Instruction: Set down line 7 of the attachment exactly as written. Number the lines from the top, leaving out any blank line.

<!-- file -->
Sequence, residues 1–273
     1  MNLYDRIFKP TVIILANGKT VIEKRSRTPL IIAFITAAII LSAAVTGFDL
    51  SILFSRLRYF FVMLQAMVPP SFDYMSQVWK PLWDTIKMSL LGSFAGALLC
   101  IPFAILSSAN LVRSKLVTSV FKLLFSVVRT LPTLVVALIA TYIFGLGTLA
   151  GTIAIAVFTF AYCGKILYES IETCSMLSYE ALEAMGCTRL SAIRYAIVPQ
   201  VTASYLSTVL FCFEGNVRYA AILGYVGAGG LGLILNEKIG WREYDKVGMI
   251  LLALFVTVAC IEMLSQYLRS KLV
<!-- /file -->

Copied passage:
   251  LLALFVTVAC IEMLSQYLRS KLV